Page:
A few folks have emerged from LD to weigh in, mostly in a patronizing sense of “Oh, this is easy, you PFers don’t know how to argue this, but we sage LDers deal with this type of argumentation all the time.” Of course, LD has its own issues, talk about an event without a rudder. But anyway, the popular LDer claim appears to be that simply running “religion is altogether bad”. Muslim students thereby need not engage in arguments that essentially group them together with terrorists as a virtue of their religion and culture. Instead, they can very ecumenically dismiss the value of all religion, and thus avoid the attack on their own particular group.

Here’s the thing. Religion outweighs everything to the religious. Those without faith tend not to understand this point, because in most cases atheism is much further down an atheist’s priority list. And the one thing that faiths cannot tolerate is repudiation. Faiths are belief systems; if they permitted routine denunciation for something so trivial as winning a debate round, they would not exist. Arguing “religion bad” in order to win a round would constitute apostasy to a faithful person; turning one’s back on God. It’s not an acceptable alternative.

One coach argues that refusal to take that option, renders the religious unable to debate both sides of the original topic. By being unable to debate both sides of one highly irregular and poor topic, the religious are proven unworthy of participating in debate at all. Is the tent of debate to be so small that it accepts only those who value it above all else — only those who, shall we say, worship at the altar of the ballot? I’m sure some of the irreligious would claim that religion and faith is a matter of choice, so people aren’t necessarily excluded from debate by that; they can choose between debate and their religion. But choice of religious belief is not so simple, and certainly not so casual. Some may say it is not a choice, but an imperative.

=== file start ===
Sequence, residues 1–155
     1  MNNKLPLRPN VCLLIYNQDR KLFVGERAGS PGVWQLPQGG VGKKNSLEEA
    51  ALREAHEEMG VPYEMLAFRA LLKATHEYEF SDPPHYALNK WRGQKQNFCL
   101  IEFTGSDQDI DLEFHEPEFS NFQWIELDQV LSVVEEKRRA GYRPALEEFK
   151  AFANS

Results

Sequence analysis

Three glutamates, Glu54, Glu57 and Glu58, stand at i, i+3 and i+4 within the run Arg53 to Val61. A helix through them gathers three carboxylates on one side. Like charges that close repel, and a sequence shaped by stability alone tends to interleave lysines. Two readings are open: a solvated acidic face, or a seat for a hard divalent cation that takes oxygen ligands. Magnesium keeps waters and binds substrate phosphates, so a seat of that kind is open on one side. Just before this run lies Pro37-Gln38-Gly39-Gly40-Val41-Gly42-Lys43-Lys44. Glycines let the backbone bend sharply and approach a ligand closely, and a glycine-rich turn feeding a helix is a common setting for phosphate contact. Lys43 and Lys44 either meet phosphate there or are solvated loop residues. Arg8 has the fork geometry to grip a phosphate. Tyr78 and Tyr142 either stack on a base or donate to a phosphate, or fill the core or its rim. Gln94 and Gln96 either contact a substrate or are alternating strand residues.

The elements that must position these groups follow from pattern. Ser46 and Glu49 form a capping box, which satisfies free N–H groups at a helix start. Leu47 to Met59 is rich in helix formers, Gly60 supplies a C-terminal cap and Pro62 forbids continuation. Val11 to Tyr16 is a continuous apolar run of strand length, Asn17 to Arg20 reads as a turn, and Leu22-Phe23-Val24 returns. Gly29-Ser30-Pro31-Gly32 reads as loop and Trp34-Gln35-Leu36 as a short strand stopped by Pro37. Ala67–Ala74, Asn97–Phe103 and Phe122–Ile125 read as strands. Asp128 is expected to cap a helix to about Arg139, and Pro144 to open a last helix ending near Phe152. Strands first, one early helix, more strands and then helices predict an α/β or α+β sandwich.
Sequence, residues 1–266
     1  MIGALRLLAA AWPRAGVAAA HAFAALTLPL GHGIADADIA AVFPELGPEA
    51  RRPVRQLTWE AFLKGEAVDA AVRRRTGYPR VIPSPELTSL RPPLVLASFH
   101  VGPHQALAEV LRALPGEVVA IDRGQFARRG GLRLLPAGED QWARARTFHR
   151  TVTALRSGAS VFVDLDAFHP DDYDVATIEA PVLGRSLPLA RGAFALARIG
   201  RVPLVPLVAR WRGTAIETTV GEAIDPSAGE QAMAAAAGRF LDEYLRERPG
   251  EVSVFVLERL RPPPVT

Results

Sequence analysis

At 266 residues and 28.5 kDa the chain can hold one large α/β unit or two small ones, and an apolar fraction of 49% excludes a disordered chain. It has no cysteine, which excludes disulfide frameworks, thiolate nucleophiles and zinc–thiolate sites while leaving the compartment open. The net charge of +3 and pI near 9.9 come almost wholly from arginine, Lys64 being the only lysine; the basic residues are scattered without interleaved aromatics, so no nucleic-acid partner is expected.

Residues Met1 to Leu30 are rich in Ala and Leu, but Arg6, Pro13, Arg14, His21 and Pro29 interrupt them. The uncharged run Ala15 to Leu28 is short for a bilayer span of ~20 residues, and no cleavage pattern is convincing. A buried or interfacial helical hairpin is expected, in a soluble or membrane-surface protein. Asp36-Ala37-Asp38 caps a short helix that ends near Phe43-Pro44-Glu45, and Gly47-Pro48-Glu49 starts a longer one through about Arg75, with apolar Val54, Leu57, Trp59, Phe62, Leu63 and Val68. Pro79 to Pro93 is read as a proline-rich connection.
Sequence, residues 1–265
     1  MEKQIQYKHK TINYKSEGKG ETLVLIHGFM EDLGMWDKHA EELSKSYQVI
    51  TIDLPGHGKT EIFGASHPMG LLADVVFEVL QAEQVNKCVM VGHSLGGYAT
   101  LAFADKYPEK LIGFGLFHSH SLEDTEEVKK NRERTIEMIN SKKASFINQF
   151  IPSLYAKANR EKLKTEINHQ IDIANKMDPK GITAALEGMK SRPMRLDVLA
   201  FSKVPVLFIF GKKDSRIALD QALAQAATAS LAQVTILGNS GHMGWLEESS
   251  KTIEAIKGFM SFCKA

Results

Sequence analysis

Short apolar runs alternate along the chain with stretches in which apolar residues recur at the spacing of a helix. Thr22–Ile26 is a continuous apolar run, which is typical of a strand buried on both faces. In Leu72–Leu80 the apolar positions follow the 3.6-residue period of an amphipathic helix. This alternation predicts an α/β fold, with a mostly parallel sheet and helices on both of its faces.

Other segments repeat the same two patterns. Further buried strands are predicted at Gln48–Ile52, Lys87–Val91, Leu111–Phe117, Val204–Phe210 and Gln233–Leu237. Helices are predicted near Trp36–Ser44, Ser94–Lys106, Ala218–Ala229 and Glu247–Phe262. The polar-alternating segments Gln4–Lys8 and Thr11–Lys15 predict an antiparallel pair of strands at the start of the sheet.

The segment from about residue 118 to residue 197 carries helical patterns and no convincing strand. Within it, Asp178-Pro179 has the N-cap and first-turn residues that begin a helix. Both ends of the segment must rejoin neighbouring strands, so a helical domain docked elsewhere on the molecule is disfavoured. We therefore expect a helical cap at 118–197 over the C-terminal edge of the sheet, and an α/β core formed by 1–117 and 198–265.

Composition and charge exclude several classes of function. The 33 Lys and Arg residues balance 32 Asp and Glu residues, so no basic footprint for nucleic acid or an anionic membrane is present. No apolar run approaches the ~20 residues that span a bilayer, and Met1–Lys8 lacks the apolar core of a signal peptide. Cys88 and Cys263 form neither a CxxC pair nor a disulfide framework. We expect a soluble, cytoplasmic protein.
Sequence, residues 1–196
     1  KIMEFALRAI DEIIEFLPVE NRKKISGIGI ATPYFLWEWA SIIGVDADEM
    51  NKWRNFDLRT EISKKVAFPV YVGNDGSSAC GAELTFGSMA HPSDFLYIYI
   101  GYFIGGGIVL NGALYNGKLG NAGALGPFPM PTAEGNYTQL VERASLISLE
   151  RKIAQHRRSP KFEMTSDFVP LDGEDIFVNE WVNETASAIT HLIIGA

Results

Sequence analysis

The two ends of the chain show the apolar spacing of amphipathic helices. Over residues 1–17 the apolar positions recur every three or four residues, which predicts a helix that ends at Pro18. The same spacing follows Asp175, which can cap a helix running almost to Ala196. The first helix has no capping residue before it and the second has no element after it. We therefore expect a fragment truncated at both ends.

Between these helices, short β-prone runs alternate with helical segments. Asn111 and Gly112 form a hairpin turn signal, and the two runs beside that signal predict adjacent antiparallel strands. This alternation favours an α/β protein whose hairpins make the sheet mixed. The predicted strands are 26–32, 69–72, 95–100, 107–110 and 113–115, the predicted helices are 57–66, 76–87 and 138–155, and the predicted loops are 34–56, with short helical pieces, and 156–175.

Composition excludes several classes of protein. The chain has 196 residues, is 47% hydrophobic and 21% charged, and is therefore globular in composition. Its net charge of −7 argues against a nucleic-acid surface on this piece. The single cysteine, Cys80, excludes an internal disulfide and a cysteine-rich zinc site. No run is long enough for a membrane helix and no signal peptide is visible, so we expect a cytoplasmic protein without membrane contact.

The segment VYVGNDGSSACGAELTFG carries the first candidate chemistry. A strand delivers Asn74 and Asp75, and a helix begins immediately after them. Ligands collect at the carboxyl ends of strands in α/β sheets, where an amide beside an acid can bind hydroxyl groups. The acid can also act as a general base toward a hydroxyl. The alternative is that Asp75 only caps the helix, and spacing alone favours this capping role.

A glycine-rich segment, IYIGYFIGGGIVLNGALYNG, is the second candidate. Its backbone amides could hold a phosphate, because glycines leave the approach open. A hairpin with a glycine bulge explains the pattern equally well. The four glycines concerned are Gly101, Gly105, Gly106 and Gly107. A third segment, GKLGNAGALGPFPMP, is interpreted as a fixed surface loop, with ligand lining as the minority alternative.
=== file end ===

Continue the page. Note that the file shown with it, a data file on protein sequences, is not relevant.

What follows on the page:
Yes, students should see the many sides of political ideas and rational arguments. I believe firmly in switch side debate. But faith is not an idea, and it’s not an argument. My political beliefs affect your lives; because I vote. That makes them fair game in the public arena.

My religious beliefs do not directly affect others; I disclose to very few what they even are. They may affect others indirectly, should they affect or control my political beliefs; but at that point, you can argue against those political beliefs and need not know the religious ones to do so. Debate should remain on the latter ground, and not touch the former. Or we’ll be repeating this November affair often.

Therefore, I affirm.

I’m not going to judge these debates. It wouldn’t be fair to the debaters struggling to overcome the topic’s limitations to also overcome my own objections. I’m probably not going to coach it much either, for the same reason. Thankfully I wasn’t scheduled to judge or coach it anyway; I’m only attending two tournaments on November’s topic, and I’ll be tabbing both.

Can’t wait for December.